Links between the brain and body during sleep: implications for memory processing

Lauren N. Whitehurst, Anjana Subramoniam, Andrew Krystal, Aric A. Prather

Research output: Contribution to journalReview articlepeer-review

9 Scopus citations


Sleep is intimately related to memory processes. The established view is that the transformation of experiences into long-term memories is linked to sleep-related CNS function. However, there is increasing evidence that the autonomic nervous system (ANS), long recognized to modulate cognition during waking, can impact memory processing during sleep. Here, we review human research that examines the role of autonomic activity and sleep in memory formation. We argue that autonomic activity during sleep may set the stage for the CNS dynamics associated with sleep and memory stability and integration. Further, we consider how the link between ANS activity and polysomnographic markers of sleep may help elucidate both healthy and pathological cognitive aging in humans.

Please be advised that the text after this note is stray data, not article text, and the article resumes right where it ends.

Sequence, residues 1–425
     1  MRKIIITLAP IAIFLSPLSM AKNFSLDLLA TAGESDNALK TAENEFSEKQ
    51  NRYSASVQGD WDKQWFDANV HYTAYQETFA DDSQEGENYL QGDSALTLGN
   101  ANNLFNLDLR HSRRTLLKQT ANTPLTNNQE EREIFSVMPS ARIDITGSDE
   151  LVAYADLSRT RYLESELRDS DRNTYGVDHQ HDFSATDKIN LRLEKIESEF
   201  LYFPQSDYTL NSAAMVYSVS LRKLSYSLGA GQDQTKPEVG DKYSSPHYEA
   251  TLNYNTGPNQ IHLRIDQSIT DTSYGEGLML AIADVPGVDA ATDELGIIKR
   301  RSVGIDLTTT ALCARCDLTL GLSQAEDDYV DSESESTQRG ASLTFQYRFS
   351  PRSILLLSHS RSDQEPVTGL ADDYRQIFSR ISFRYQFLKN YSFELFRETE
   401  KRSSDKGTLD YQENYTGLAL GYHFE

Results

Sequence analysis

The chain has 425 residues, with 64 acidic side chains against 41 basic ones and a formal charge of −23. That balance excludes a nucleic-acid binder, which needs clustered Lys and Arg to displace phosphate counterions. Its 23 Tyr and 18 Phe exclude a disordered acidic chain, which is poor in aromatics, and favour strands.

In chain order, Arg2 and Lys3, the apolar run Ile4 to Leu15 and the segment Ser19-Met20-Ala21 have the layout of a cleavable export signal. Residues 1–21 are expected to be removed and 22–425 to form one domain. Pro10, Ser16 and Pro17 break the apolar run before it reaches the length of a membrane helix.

Original languageEnglish
Pages (from-to)212-223
Number of pages12
JournalTrends in Neurosciences
Issue number3
StatePublished - Mar 2022

Bibliographical note

Publisher Copyright:
© 2021 Elsevier Ltd


  • aging
  • autonomic nervous system
  • cognition
  • memory consolidation
  • parasympathetic
  • sympathetic
  • vagus nerve

ASJC Scopus subject areas

  • General Neuroscience


Dive into the research topics of 'Links between the brain and body during sleep: implications for memory processing'. Together they form a unique fingerprint.

Cite this